I had three Austrian policemen in my hotel room last night. They stood there all grim faced with their fluorescent bibs, torches and sidearms. It was like the worst ever fancy dress party. I offered them a pilsner. They declined. They were too busy checking my ID that had been carefully checked 10 minutes prior at a police checkpoint. And carefully checked two minutes prior to that, at another police checkpoint.

This third check took so long, it was so late, and my patience was so thin, that eventually I took my shirt and trousers off in front of the officers. “I’m having a shower,” I explained, and went and had one. When I’d finished, I came out in my towel, thinking they might be gone. They weren’t. “Put your clothes on please and come to your car.” This party wasn’t getting any better.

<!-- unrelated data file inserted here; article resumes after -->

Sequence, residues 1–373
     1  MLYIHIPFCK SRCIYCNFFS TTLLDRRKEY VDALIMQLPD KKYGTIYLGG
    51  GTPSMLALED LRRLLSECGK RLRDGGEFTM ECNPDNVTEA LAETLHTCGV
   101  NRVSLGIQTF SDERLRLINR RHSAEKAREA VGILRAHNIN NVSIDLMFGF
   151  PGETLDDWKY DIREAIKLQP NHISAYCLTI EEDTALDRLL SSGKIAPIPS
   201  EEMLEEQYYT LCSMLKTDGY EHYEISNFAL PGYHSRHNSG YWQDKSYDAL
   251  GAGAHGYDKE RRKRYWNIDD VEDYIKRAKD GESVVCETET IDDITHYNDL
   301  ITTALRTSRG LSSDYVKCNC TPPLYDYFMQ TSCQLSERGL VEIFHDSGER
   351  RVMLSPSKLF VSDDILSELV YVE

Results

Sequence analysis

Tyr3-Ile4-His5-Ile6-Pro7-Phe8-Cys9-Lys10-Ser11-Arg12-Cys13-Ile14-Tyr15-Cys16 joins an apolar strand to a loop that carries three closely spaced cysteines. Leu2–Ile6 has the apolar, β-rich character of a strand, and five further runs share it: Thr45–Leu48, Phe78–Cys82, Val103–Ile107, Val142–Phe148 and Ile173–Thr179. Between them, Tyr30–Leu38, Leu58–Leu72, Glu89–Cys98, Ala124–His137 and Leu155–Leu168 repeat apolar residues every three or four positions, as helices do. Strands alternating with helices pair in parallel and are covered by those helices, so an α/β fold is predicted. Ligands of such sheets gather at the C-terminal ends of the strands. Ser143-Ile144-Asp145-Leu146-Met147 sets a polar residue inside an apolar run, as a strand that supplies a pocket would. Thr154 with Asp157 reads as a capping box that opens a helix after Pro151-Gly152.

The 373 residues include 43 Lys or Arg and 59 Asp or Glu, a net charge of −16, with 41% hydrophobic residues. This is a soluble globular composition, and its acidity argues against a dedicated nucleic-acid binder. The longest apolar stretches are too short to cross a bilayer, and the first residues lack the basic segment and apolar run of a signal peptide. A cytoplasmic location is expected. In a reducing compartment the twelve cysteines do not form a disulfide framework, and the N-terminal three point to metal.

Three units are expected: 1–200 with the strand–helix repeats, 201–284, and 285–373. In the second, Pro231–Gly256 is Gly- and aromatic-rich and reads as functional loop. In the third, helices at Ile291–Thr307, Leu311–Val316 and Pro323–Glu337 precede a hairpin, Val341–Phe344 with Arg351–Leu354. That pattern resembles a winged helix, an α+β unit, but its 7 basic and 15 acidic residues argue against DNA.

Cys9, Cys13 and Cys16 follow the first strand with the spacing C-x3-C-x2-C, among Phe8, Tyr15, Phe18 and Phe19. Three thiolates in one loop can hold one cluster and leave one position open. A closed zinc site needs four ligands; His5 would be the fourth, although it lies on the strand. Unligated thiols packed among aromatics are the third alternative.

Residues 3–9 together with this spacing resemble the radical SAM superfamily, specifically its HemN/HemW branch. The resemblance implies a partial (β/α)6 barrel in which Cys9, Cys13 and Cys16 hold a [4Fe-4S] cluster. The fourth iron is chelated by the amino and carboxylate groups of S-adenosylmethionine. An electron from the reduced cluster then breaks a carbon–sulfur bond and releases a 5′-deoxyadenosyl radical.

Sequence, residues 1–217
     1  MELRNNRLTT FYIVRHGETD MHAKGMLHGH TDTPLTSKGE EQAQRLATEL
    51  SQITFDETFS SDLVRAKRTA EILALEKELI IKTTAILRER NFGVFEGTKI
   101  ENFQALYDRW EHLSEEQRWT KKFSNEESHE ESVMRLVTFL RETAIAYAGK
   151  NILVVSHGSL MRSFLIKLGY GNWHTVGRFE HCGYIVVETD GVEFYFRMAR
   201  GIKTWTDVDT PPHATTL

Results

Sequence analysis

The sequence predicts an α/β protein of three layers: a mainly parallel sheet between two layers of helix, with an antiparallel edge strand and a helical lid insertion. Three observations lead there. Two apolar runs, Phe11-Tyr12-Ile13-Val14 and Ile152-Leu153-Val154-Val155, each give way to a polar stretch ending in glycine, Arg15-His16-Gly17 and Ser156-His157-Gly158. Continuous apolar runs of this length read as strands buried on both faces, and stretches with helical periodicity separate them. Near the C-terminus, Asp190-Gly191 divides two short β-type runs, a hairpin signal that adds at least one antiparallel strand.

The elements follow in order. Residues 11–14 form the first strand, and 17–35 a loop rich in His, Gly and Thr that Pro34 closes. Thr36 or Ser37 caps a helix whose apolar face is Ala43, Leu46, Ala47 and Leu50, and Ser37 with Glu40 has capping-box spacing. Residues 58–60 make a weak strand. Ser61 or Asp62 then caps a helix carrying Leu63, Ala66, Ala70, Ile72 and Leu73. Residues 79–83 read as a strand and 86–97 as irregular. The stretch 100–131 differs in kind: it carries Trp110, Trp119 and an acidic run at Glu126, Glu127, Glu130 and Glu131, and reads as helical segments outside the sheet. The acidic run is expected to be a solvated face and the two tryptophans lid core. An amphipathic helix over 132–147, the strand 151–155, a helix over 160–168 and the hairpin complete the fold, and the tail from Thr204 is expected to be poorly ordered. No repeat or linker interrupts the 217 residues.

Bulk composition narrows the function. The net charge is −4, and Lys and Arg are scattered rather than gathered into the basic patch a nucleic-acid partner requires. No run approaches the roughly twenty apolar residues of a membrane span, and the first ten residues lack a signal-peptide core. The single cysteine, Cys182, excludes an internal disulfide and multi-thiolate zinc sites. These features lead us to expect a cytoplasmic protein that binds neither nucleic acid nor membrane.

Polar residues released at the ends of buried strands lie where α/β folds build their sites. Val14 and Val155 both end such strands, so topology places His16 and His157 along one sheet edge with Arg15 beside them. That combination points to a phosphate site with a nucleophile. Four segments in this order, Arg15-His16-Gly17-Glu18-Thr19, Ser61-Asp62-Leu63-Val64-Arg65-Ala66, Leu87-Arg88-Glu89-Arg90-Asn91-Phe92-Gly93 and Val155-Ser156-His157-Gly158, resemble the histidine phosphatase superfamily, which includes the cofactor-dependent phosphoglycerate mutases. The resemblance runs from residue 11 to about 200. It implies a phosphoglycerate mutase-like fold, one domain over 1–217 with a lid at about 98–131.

Out at my car I couldn’t be bothered to get into the whole ‘probable cause’ thing so I flung open the doors and with as much good cheer as I could muster, said: “Help yourself”. They did. While one set of police searched my car with their torches, another lot clustered round me and asked me questions: “Where do you live? What are you doing here?” I’m a journalist and I live in a police state. What about you?

In my trouser pocket I found a “Medienhandbuch” from the G7, which I was given in my goodie bag when I was accredited there. By the light of a police searchlight, which was trained on me like I was trying to escape Stalag 17, I read out passages to my guards to pass the time. “Experienced staff from the Federal Government will be happy to help you with your work …” An officer interrupted. “Your address please.” It was on my driving licence in his hand. This was getting silly.

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